It's been raining for four days
How terribly depressing.
Of the hundreds of houses we drove by, only about twenty even had so
much as a lighted wreath...
The nine or ten lavishly decorated houses were all in the two areas where
the wealthiest of our citizens live....
A hard Christmas in a small town...
Anybody else experience this?
Recently, however, teenagers and 20-somethings have turned that snide sentiment into a positive challenge directed at doomsayers of all ages who claim nothing can be done to stop runaway global warming: "OK, doomer," these young climate activists respond. It's their shorthand way of saying to do-nothing fatalists: Give up if you want, but please step aside while we organize and mobilize for climate sanity.
Our globe's fast-warming, catastrophe-creating climate is more than just another issue: It has become a generational cause for young people. Indeed, 62% of young voters support totally phasing out fossil fuels, and they're channeling their anger about official inaction toward both political parties. Such feisty grassroots groups as Gen-Z for Change, Zero Hour, Black Girl Environmentalist and Our Children's Trust are on the front lines in the face of power, and on the move.
As in all progressive struggles from civil rights to labor to environmental justice progress comes from sticking with principle, building incrementally on local victories and persevering against moneyed reactionaries. Already, one breakthrough by these young climate activists was made this year in deep-red, rural Montana. In a case filed by Our Children's Trust, 16 children, ages 2-18, charged that a state law took away their right to challenge energy projects that increase global warming. Noting that Montana's constitution establishes a right to "a clean and healthful environment," state Judge Kathy Seeley ruled for the children... and for a clean, healthy climate future.
Progress is not made by spectators and cynics, but by activists. And those who say that activism can't produce change should not interrupt those who're doing it.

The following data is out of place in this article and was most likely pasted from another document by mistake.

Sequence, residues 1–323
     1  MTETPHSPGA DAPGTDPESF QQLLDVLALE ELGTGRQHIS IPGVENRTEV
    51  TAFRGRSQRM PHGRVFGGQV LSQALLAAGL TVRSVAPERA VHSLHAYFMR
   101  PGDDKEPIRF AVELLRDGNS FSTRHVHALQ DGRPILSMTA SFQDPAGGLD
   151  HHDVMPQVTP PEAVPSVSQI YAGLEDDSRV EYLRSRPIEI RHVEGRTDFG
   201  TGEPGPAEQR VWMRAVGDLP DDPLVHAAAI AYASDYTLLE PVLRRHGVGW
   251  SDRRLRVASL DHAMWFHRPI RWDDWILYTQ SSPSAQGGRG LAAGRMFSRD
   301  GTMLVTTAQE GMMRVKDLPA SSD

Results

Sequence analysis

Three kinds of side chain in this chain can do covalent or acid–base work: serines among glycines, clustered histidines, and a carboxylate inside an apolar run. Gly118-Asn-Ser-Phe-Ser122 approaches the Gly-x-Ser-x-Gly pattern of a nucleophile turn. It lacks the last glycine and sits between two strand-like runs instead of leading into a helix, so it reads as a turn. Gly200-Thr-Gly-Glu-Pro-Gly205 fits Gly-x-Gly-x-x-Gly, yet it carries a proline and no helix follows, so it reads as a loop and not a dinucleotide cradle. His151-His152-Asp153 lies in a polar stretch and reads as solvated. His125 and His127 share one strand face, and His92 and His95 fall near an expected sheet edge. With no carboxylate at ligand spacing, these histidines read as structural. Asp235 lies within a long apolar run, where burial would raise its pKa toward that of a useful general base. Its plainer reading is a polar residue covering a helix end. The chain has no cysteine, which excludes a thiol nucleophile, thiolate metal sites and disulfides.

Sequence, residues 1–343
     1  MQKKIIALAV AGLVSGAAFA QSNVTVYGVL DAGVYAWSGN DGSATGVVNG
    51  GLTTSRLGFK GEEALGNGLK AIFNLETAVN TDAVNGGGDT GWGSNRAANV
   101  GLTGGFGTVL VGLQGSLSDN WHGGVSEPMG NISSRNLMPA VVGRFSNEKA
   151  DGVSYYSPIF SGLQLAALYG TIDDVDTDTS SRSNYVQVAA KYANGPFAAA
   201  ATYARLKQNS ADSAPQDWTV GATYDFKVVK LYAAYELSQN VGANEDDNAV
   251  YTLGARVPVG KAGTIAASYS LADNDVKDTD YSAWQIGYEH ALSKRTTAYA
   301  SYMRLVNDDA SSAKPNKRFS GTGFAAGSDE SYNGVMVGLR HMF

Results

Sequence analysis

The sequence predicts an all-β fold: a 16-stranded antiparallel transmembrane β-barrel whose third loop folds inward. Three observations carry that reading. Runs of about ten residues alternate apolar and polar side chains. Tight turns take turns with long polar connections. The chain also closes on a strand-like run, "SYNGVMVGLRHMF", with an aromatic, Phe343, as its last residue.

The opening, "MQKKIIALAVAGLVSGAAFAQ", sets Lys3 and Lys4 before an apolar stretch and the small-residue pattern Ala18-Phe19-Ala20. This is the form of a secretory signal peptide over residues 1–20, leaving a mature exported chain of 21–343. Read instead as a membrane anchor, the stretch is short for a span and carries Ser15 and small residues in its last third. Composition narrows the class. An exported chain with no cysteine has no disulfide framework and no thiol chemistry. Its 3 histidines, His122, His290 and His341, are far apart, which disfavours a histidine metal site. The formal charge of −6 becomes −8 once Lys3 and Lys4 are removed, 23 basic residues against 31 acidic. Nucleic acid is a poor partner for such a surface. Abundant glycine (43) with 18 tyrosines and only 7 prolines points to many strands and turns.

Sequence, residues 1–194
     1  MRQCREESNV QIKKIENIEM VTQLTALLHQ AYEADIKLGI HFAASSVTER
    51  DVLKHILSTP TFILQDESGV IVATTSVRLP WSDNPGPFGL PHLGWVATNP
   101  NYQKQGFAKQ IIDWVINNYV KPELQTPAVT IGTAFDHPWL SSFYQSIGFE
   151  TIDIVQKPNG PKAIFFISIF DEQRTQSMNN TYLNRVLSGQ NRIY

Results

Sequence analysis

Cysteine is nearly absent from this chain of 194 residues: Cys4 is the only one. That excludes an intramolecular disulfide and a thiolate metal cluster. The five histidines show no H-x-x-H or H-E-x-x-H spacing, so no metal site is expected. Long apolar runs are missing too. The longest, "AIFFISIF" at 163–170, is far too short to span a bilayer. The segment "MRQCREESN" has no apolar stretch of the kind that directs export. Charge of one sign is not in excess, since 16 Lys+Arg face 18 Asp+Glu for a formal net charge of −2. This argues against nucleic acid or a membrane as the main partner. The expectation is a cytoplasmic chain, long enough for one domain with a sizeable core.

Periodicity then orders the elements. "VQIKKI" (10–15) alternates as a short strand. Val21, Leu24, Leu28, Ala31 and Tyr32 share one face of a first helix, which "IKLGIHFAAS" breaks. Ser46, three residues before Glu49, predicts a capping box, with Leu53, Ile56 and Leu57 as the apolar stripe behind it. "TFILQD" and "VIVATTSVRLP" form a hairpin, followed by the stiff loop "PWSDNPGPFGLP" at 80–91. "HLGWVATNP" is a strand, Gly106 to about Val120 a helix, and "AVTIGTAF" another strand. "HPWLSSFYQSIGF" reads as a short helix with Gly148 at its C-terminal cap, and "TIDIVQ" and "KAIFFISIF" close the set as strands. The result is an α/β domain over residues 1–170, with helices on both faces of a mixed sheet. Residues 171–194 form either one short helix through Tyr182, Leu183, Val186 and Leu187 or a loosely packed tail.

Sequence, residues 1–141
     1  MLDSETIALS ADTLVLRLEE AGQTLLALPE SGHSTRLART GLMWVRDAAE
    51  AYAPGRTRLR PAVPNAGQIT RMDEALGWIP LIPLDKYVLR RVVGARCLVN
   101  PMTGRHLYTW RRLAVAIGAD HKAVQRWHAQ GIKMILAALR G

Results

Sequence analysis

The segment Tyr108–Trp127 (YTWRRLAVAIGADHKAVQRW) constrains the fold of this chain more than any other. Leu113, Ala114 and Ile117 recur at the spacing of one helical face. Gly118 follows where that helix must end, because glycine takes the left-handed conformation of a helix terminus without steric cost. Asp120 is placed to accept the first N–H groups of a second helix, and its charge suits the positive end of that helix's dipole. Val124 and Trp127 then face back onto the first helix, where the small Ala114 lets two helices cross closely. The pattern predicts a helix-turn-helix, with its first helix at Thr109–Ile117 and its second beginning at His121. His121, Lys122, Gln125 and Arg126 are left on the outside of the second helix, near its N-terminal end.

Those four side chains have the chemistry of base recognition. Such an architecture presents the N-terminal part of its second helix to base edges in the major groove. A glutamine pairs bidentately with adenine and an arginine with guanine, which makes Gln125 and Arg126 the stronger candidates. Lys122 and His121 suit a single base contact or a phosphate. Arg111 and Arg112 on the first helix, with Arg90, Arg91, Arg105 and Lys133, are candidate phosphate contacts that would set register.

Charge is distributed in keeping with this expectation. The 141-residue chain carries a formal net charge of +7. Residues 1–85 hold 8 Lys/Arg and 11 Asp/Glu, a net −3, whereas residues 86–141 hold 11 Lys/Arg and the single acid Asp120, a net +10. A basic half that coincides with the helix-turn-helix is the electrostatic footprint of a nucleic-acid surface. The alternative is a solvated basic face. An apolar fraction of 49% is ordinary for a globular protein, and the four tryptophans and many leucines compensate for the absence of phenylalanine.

Still settling teething issues with my new camera...
The "Chevy Chase" gazebo is no more...
A drunk Bimmer driver ran into it in 2016...like of course.
From The Register "Biting the hand that feeds IT"
Going back to 2009, Amazon dropped 1984 and Animal Farm from its Kindle eReaders. You may have thought you owned copies of these classic George Orwell books, but you were wrong. Amazon said they'd discovered they hadn't the right to sell the books, so they deleted them from your eReaders. Eventually, Amazon restored those books, but a precedent had been set. Amazon, not you, owns your eBooks.
To quote from Amazon's copyright policy: "All content included in or made available through Amazon Business, such as text, graphics, logos, button icons, images, audio clips, digital downloads, data compilations, and software is the property of Amazon or its content suppliers and protected by U.S. and international copyright Laws. The compilation of all content included in or made available through any Amazon Business Service is the exclusive property of Amazon and protected by U.S. and international copyright Laws."
Funny, as I look at my large library of old-style books, I never had to worry about that with them. They all belong to me. Eventually, they'll go to my daughter's home or a library. My eBooks? They're off to the digital dustbin as soon as I'm under the ground.
Much more recently, Sony Interactive Entertainment has announced that as of December 31, 2023, users can no longer watch their previously purchased Discovery video content on their PlayStations. I'd never bought copies of Mythbusters, Deadliest Catch, How Its Made or My 600-Pound Life myself, but someone did. If I were in their shoes, I'd be ticked.
What's that? Can't they always stream those shows? Can they? Not always. Take, for example, perhaps the best, most realistic American crime show, Homicide: Life on the Street. I love that show, and I have it on DVD, but the DVDs aren't available in the States now, and the show isn't available to stream anywhere. Like other shows, its rights are locked up in a mess and may never be available. This is especially poignant since the star, Andre Braugher, recently died, and many people want to see his signature role as Detective Frank Pembleton.